Back in 2014 this was an IPA, not so much anymore. All the hop bitterness and aroma seems to have disappeared and the flavour profile is very much on the malty side. Overall this is still a surprisingly drinkable beer, despite it’s age and my lack of experience back in 2014.

It’s definitely better than the Ilves IPA I cracked open at the beginning of last year… Come to think of it, there’s a fairly strong possibility that this last bottle of Ahma Ale has been sitting in my fridge for the best part of a year at this point since I’ve been really lazy about writing it up.

Lastly, I’d like to point out that my labels are better designed these days, or at least I like to think so…

My favourite books of 2015

In the vein of my 2013 and 2014 lists, here are a few of my favourite books of 2015 (in no particular order). That is, books that that I read in 2015, not books that were necessarily published in 2015.

Digital Apollo: Human and Machine in Spaceflight

Digital Apollo

Digital Apollo by David Mindell tells the story of the amazing technology behind the Apollo lunar missions. It also delves into the debate (or even fight) between engineers and astronauts at NASA at the dawn of the space age. The full books is definitely worth reading, but the gist of it is that the engineers wanted to automate as much as possible of the flights and the astronauts wanted as much control as possible.

A Man on the Moon

A Man on the Moon

Recommended to me on Reddit by Brady Haran, A Man on the Moon by Andrew Chaikin is possibly the single accounting of the Apollo lunar missions that you’ll find within a single set of covers. Based on interviews with 23 of the 24 Apollo astronauts.

The “Imperial Radch” series

The “Imperial Radch” series book covers

At the beginning of the year I stumbled across the first book of the Imperial Radch series, Ancillary Justice by Ann Leckie. Originally published all the way back in 2013, I found Ancillary Justice to be a totally engrossing take on a science fiction space opera.

The perspective of the protagonist, a not entirely human, kind of ex-spaceship, ex-soldier Breq is really interesting. Breq is also from a culture which doesn’t distinguish between gender which adds an interesting extra twist to the storytelling.

If you enjoy Ancillary Justice, you should definitely go on to read the next two novels in the series too (Ancillary Sword and Ancillary Mercy)

The Martian

The Martian

If you haven’t heard of The Martian (by Andy Weir) until now then I think that counts as a minor miracle of some kind. I’m pretty sure I devoured the entire book over three nights or so (usually reading until it was way too late for a work night). Even if you saw the movie, I think it might be worth reading the book (at least if you’re at all a geeky or nerdy type of person).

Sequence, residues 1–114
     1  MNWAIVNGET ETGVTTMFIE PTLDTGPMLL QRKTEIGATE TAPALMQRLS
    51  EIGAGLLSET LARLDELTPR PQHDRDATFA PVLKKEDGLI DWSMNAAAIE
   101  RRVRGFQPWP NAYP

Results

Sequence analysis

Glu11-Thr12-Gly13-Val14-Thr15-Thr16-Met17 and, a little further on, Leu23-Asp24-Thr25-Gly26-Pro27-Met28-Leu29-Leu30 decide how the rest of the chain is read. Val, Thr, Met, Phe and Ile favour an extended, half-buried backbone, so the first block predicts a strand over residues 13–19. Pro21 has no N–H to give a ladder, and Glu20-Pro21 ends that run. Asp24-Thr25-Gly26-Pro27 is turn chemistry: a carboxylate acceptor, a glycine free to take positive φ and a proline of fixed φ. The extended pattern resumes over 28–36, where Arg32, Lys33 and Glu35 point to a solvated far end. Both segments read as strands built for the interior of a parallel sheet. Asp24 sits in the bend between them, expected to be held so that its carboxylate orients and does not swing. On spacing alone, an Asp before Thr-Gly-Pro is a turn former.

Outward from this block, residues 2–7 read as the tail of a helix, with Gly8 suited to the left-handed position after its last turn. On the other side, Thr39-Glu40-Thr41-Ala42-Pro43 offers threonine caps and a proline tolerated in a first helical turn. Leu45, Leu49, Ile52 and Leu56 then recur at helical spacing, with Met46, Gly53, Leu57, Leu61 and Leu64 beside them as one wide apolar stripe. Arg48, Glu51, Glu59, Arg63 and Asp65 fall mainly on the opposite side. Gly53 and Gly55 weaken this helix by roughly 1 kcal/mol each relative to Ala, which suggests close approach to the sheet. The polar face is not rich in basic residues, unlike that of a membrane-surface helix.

Double Cross: The True Story of the D-Day Spies

Double Cross: The True Story of the D-Day Spies

Ben Macintyre’s Double Cross is about the German and Allied spies of the second World War and about how the allies (and especially the British) managed to turn almost all German spies into double agents. It’s an amazing story and at times even hard to believe since the facts read a bit too much like a le Carré novel.

What What Wit v2

What What Wit v2 bottle and in glass

This is the second version of my What What Wit (originally based on a recipe in Randy Mosher’s Radical Brewing).

The biggest changes were to the boil additions and my choice of yeast. The first version my my recipe used White Labs WLP575 (Belgian Style Ale Yeast Blend), largely out of necessity as that was the only wit yeast in stock at my brewshop when I was ordering my ingredients for it. This version used Wyeast 3944 (Belgian Witbier) instead.

The recipe also gained some fresh grapefruit peel in addition to the fresh orange peel that I used originally. I ended up using a bit less orange peel than I intended to since I failed to buy enough oranges.


The colour is a nice straw yellow and it has a nice bit of haze (as is expected in a Wit). Overall this is a very pleasant beer and rather good, even if I say so myself.

In future versions I think I’ll add even more orange or grapefruit peel as I don’t think it comes through quite enough yet, otherwise the other spices (coriander and chamomile) seem to be nicely balanced. I’m not sure if using dried orange peel would be better or worse than using the fresh orange peel I’ve used so far…

In any case, I’ll definitely make this beer again (or some slightly modified version of it)…